Mention Douglas Sirk, and the type of film that immediately comes to mind is a glossy colour melodrama. However, he did also make some black-and-white films – including this early 1950s production. Like his previous film, Has Anybody Seen My Gal?, this is a period piece (it’s set in 1910). Also like the earlier film, it again paints a portrait of small-town America which is deeply nostalgic and wistful and yet, at the same time, clearly draws out the narrowness and judgemental attitudes of the community. At its centre is Barbara Stanwyck, giving a powerful and multi-layered performance.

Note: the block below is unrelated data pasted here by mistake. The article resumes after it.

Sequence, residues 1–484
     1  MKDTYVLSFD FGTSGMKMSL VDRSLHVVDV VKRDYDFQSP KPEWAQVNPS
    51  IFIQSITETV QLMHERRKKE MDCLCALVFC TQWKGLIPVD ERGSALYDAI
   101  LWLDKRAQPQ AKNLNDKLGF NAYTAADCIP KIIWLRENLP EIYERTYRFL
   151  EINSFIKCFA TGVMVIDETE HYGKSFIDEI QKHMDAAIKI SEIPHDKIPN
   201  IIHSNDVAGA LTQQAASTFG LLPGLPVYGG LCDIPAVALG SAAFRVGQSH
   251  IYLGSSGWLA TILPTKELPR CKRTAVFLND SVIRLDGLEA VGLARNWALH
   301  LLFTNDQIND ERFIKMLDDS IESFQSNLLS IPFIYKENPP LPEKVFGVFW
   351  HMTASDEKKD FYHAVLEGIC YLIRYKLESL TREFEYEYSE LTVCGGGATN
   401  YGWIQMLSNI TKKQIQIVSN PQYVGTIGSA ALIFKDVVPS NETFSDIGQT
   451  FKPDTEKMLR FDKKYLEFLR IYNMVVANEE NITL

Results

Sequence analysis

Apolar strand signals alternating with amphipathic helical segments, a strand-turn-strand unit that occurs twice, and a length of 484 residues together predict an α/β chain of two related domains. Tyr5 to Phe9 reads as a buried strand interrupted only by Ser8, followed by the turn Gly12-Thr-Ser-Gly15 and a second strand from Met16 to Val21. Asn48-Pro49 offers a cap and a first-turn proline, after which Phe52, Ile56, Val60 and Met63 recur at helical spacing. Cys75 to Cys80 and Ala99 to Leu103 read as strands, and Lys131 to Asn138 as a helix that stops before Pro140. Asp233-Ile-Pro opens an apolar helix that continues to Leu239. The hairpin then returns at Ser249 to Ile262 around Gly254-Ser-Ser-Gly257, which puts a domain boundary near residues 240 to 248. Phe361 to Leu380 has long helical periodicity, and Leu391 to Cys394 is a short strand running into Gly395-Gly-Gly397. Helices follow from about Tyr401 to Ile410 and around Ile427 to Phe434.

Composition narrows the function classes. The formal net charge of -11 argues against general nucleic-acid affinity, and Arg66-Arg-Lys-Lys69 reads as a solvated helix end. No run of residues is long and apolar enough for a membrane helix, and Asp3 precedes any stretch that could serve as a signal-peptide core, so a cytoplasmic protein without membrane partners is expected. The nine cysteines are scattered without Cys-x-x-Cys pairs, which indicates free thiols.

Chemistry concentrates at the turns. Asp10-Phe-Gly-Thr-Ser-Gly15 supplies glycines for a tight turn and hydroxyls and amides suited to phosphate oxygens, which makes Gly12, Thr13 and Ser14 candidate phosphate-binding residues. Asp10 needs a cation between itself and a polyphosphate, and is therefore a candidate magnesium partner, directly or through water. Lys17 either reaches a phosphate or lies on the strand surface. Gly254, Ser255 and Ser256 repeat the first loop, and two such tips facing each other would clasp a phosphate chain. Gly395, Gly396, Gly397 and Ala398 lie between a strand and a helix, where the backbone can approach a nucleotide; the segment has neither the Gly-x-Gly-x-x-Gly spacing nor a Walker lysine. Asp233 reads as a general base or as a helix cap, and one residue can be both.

This was Sirk’s first collaboration with producer Ross Hunter, and it has the same feeling of emotional daring as their later films together. The film marks Stanwyck’s return to the kind of part she played in some of her 1930s films, as a down-at-heel showgirl. However, the difference is that she is now older, and with the extra toughness coming from the memory of all her great noir roles, all of which makes her character more poignant. This is also a homecoming story, like other 1950s films such as Some Came Running, with a bitter prodigal going back to a town that drove her out. It is revealed right at the opening of the film that Naomi Murdoch (Stanwyck) has three children she left behind many years ago, with her husband, and has never seen since. They are under the false impression that she has found success in the theatre in New York – although in reality, as she confesses to another ageing showgirl, she fears she will soon be below the dog act on the variety bill.